PROJECT SUMMARYThe therapeutic benefit of transfusion presumes a direct correlation between blood oxygen carrying capacityand oxygen delivery. However, studies have shown that stored blood loses its ability to oxygenate tissues. Thesequelae that can occur after transfusion (renal injury, myocardial infarction, death) are consistent with the ideathat banked blood may exacerbate rather than correct anemia-induced hypoxia.We have discovered that banked blood has markedly diminished levels of nitric oxide/S-nitrosothiol (NO/SNO)bioactivity including reduced amounts of the S-nitrosylated form of hemoglobin (SNO-Hb), a major mediator ofblood flow and peripheral oxygen delivery. This decline in SNO provides a mechanistic basis for the impairedvasodilatory activity of stored red blood cells (RBCs) and an explanation for why transfusion of even smallamounts of blood may impair tissue perfusion. We have built on this novel finding by demonstrating thatrestoration of SNO-Hb levels (renitrosylation) corrects storage-induced deficiencies in RBC oxygen deliveryand transfusion-induced organ dysfunction in multiple preclinical transfusion paradigms, and we have initiatedclinical studies to assess the effects of transfusion on human tissue oxygenation. We have also developedfirst-in-class renitrosylating agents that are already undergoing clinical testing.We are positioned to provide critically needed data on the effects of transfusion on tissue oxygenation inhumans and to advance the benefits of renitrosylation therapy on oxygen delivery through the following aims: 1. To advance understanding of the molecular mechanisms by which RBCs deploy SNO-based signals to regulate tissue oxygenation in fresh and stored blood. 2. To develop a device for ex vivo renitrosylation. 3. To determine if the physiologic responses to transfusion with renitrosylated RBCs are superior to untreated banked blood in a preclinical trauma model. 4. To conduct an autologous standard flow (i.e. non-trauma) transfusion study in humans with and without renitrosylation to delineate the physiologic effects of transfusion and the benefits of increased/restored SNO-Hb levels on tissue oxygenation.Collectively, our studies will provide much-needed insight into the effects of transfusion on tissue oxygenation,shed light on the mechanistic basis of adverse ischemic events associated with transfusion, and acceleratedevelopment of therapeutic approaches (repletion of SNO-Hb). Restoration of the oxygen delivery capabilitiesof banked blood should result in blood transfusion achieving its clinical purpose: vasodilation in themicrocirculation to improve end-organ oxygen delivery in the anemic patient. To the extent that the world'ssupplies of banked RBCs are deficient in SNO-Hb, renitrosylation may hold significant therapeutic promise.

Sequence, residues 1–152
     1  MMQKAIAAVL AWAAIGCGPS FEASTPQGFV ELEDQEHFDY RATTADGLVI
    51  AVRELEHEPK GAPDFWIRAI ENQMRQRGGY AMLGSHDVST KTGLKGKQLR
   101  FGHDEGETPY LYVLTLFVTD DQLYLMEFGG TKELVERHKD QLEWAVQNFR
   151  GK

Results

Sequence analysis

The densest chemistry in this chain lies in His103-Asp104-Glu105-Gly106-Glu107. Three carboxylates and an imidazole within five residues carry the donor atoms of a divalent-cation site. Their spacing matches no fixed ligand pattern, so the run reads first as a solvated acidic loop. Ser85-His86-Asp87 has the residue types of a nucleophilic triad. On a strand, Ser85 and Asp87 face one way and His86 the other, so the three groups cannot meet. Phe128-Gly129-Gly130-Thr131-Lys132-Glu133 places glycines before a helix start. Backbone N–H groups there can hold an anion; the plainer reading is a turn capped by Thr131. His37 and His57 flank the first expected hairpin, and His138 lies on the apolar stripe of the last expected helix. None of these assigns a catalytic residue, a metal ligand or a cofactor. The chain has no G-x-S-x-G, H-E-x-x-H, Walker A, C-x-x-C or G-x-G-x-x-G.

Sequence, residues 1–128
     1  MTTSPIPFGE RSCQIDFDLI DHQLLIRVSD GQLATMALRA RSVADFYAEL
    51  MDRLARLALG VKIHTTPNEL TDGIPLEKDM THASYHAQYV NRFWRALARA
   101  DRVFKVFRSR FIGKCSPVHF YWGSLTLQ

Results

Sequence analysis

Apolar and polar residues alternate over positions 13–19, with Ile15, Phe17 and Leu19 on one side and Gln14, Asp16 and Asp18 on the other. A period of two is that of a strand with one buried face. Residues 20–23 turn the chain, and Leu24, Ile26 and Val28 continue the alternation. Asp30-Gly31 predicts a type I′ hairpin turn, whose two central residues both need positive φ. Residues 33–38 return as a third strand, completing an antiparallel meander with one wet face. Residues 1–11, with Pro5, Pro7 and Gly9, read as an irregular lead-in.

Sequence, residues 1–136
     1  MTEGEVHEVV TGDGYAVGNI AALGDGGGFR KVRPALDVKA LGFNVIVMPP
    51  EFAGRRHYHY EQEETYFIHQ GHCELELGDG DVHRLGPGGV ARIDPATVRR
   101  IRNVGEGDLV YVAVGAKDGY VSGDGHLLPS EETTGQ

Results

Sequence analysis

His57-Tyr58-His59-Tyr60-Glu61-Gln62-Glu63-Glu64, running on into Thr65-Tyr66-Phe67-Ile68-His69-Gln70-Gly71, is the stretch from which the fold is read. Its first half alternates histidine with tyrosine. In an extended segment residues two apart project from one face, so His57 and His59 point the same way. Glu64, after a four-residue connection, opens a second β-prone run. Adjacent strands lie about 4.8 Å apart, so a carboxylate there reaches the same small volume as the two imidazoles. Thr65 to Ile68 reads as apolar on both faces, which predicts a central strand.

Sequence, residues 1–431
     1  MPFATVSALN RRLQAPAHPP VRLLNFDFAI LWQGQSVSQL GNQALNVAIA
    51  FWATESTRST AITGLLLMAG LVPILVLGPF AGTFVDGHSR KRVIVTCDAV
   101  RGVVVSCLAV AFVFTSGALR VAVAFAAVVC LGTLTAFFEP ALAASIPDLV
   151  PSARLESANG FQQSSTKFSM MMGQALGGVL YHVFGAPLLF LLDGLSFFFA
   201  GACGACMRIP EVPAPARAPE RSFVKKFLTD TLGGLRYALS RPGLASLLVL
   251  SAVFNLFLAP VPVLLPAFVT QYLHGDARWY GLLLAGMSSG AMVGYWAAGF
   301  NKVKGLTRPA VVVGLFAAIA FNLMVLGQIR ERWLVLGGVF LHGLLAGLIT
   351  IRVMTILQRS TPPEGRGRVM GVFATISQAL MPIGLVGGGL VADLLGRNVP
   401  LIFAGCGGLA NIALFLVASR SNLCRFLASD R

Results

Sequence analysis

|Effective start/end date||7/1/16 → 6/30/21|
- National Institutes of Health: $565,855.00
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